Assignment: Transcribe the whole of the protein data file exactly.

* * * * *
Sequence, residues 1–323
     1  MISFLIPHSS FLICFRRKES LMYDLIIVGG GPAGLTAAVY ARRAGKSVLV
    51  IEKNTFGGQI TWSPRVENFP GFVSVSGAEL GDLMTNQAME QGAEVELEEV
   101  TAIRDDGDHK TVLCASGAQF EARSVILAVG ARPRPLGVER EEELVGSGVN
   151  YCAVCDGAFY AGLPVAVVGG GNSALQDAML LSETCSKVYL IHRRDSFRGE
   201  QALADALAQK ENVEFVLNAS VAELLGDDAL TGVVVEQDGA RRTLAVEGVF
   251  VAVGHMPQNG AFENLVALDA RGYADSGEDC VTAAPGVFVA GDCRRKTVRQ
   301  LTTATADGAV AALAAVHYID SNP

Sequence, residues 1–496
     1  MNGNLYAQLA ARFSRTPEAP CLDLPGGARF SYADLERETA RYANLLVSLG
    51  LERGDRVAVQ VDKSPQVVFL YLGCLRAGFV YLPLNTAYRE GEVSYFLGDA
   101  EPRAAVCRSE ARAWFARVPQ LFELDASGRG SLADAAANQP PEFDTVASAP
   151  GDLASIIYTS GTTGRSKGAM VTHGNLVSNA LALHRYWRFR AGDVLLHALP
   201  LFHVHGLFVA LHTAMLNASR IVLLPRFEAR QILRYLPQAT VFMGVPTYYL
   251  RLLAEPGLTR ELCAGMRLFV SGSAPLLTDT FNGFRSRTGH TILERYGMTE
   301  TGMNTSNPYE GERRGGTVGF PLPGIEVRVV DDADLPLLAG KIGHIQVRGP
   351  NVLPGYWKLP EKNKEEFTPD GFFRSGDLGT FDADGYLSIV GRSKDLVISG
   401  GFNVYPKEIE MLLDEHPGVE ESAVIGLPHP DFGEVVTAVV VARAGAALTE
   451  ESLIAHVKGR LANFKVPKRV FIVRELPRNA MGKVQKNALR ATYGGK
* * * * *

Sequence, residues 1–323
     1  MISFLIPHSS FLICFRRKES LMYDLIIVGG GPAGLTAAVY ARRAGKSVLV
    51  IEKNTFGGQI TWSPRVENFP GFVSVSGAEL GDLMTNQAME QGAEVELEEV
   101  TAIRDDGDHK TVLCASGAQF EARSVILAVG ARPRPLGVER EEELVGSGVN
   151  YCAVCDGAFY AGLPVAVVGG GNSALQDAML LSETCSKVYL IHRRDSFRGE
   201  QALADALAQK ENVEFVLNAS VAELLGDDAL TGVVVEQDGA RRTLAVEGVF
   251  VAVGHMPQNG AFENLVALDA RGYADSGEDC VTAAPGVFVA GDCRRKTVRQ
   301  LTTATADGAV AALAAVHYID SNP

Sequence, residues 1–496
     1  MNGNLYAQLA ARFSRTPEAP CLDLPGGARF SYADLERETA RYANLLVSLG
    51  LERGDRVAVQ VDKSPQVVFL YLGCLRAGFV YLPLNTAYRE GEVSYFLGDA
   101  EPRAAVCRSE ARAWFARVPQ LFELDASGRG SLADAAANQP PEFDTVASAP
   151  GDLASIIYTS GTTGRSKGAM VTHGNLVSNA LALHRYWRFR AGDVLLHALP
   201  LFHVHGLFVA LHTAMLNASR IVLLPRFEAR QILRYLPQAT VFMGVPTYYL
   251  RLLAEPGLTR ELCAGMRLFV SGSAPLLTDT FNGFRSRTGH TILERYGMTE
   301  TGMNTSNPYE GERRGGTVGF PLPGIEVRVV DDADLPLLAG KIGHIQVRGP
   351  NVLPGYWKLP EKNKEEFTPD GFFRSGDLGT FDADGYLSIV GRSKDLVISG
   401  GFNVYPKEIE MLLDEHPGVE ESAVIGLPHP DFGEVVTAVV VARAGAALTE
   451  ESLIAHVKGR LANFKVPKRV FIVRELPRNA MGKVQKNALR ATYGGK